Standing On Top Of The World – Part 3 by Eva Stanley | Photography, Recent Posts, Travel, Wildlife and Nature Photography

Unknown Sunflower-type

Pretty way to start the day! (Unknown subalpine Sunflower-type)

Today’s post will not have as much text to wade through.  I will just let the beauty of the flowers speak for themselves!  As “They” say, a picture is worth 1,000 words!  Enjoy.

Spearleaf Stonecrop - can be found from the Plains to the Alpine

Wildflowers come in every shade of yellow, and I loved their star shape petals. Spearleaf Stonecrop – can be found from the Plains to the Alpine.

Ledge Stonecrop (King's Crown)

Another “stonecrop”, and yet it looks nothing like the last flower! This one is a succulent, called a Ledge Stonecrop (King’s Crown), can be either a subalpine or an alpine flower if it has enough moisture.

More Ledge Stonecrop

Another view of Ledge Stonecrop (King’s Crown), This Stonecrop is one of the few red flowers that I have seen in this area.

Closeup- Ledge Stonecrop

Ledge Stonecrop (King’s Crown)

My first conscious contact with Fireweed was during my 2016 Alaska journey, and I fell in love with this delicate flower!  Now that I know what it is, I see it everywhere, as well as in earlier photographs.  Its common name, Fireweed, was given because it is one of the first plants to come up after fire has swept an area (it doesn’t tolerate being crowded by other plants).  Therefore, it was quite visible in my post-Yellowstone-forest-fire photos!  But now I also see it along many Colorado roadsides, as well as in other states.


The beautiful and ever-changing Fireweed.

Fireweed is a plant that seems to flower in reverse order, starting from the bottom up!  As the summer progresses, the opening blossoms work their way up the stalk.  When, one-by-one, the spent blossoms fall off, the stems from previous blossoms turn a rusty color, which adds a whole new color dimension to the plant in late summer and fall.

Fireweed closeup

Fireweed, close-up.

Alaskans have a saying that summer has started when the blossoms lowest on the stem bloom.  And that summer’s end is in sight when the blossoms reach the top of the stalk.  We heard a great poem about this while we were in Alaska, but I did not write it down at the time, and now cannot seem to locate it online.  :>(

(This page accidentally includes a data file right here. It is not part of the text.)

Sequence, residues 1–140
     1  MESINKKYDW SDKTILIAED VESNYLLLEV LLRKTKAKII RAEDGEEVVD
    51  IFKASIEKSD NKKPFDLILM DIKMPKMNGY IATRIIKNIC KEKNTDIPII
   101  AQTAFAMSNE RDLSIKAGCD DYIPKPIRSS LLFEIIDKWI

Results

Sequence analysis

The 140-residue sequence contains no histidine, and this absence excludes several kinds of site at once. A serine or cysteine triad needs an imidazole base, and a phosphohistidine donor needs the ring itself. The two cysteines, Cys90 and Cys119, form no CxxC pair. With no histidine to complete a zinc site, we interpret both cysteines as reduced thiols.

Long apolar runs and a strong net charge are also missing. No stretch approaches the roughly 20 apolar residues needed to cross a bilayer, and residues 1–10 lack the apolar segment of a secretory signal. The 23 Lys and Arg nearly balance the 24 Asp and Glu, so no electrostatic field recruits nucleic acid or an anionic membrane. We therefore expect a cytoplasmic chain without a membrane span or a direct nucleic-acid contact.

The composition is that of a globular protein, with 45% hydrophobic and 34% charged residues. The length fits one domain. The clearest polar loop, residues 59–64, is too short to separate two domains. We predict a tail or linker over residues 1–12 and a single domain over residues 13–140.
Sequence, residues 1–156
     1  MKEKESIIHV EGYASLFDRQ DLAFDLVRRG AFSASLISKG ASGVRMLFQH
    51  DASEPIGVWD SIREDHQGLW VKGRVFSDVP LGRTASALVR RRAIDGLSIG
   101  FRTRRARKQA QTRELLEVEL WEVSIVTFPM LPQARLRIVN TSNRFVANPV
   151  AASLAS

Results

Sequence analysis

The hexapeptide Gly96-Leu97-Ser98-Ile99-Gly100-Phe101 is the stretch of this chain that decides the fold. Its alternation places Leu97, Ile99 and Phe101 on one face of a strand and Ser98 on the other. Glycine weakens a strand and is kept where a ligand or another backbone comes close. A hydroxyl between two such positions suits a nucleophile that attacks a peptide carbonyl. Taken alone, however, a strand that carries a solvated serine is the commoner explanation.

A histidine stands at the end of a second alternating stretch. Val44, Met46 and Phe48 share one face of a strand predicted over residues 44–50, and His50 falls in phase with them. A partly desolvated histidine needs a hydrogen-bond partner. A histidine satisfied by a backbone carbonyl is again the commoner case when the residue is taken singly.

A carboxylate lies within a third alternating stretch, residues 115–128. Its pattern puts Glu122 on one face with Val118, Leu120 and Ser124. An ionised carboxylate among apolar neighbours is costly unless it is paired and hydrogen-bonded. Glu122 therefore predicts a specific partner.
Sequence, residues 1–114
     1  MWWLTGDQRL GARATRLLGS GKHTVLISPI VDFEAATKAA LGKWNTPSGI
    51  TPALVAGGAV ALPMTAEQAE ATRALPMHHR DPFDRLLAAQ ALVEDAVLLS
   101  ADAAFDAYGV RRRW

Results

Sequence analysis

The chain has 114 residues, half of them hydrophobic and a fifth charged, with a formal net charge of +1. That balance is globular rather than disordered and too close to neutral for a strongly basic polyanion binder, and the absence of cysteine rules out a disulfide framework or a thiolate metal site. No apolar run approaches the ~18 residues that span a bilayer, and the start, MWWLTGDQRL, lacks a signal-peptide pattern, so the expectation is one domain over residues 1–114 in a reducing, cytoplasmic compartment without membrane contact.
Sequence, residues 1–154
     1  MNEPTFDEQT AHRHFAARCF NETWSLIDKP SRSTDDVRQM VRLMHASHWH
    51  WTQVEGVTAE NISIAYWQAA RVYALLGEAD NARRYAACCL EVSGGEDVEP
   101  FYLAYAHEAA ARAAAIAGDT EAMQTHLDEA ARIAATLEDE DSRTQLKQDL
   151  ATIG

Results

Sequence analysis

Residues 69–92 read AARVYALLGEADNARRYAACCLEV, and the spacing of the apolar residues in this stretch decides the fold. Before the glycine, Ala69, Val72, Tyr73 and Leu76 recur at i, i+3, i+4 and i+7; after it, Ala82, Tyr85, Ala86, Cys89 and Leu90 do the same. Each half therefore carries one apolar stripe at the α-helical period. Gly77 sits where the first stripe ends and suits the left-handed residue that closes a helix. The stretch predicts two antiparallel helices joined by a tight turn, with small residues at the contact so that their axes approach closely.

(Hmmm, :>)  good reason to have to go back up there???)

Stand of Fireweed

A stand of Fireweed.

Here are the last of the subalpine flowers in mixed groups.  Enjoy!

Mixed subalpine flowers


Mixed subalpine flowers

Mixed subalpine flowers

Mixed subalpine flowers

Last of the mixed subalpine wildflowers



Monarchs of the Subalpine Forests and Meadows

Ok, that brings the subalpine wildflowers to a close, But there are a couple more photos I want to share with you, because this creature tends to stay down below the treeline in the subalpine areas most of the year, but in summer, will often venture higher to graze and rest in the upper meadows above treeline.   I’m talking about the Rocky Mountain Elk.  This creature, while a fairly common sight within Rocky Mountain National Park where they are protected, is usually harder to find in places like Mt. Evans.  (Though Mt. Evans has other delights all its own!)  During our 3-day stint on Mt. Evans, I only saw this herd only once, but they were so far away that I had to stop and look hard to verify they were actually there!  These photos should give you an idea of what I mean…

Distant Elk herd

Elk herd, at extreme distance. Yes, there ARE actually elk in this photo- in fact a herd of 50-60 down in the bottom, just above the treeline!

Elk closer up

Distant elk herd, enlarged cropped photo. And still the elk are almost impossible to see, looking like rocks or driftwood!

Still, there is always the possibility you might see one closer on your visit.  I had an experience on my first visit to Mt. Evans, within a mile of the kiosk at the base.  A truly magnificent mature bull elk- huge antlers, muscles like I had never seen before in all my travels, came crashing down the hillside to our left, ran directly across the road in front of us, and never missing a beat continued right on down through the trees on our right.  There was no time for a photo, no way to document it.  But what I found so amazing was that, as I gazed into the forest as we passed, the trees were so close together, I still have no idea how he was able to fit between them with the size of his rack, let alone at full speed!  This is a memory that will stay with me forever!

So just for fun, enjoy a few close-up elk photos, all from Rocky Mountain National Park!

Elk pair

Elk bull and cow during the rut.

Fall elk calf

Elk calf heading into its first fall, has already learned the lesson of being wary of unusual sights and sounds. That should serve it well throughout its life.

Elk cow on alert

Elk cow on alert.

Elk bull and calf

This elk calf has a lot of growing to do before he will be ready to be master of his own harem like the bull behind him.

Elk calf

This elk calf, heading into its first fall season, is still decked out with a lot of spots. Age seems to vary about when they will lose the last of their spots. Some calves retain their spots for quite a long time. But looking at this calf’s build, it is somewhat younger than many of its herd mates.

Elk bull bugling

In all his glory, a bull elk bugles across the valley. During the fall rut, the mountain valleys ring out with challenges between rivals, and efforts to recruit more cows into the herd.

In the next post, we will move above treeline to explore the alpine plants and wildflowers, which provide sustenance for all the insects and mammals that call this place home. 

(Then stay tuned, because after that, we will get into the fun critters that live their lives at the top of the world, starting with the Mountain Goat!)

Share and Enjoy !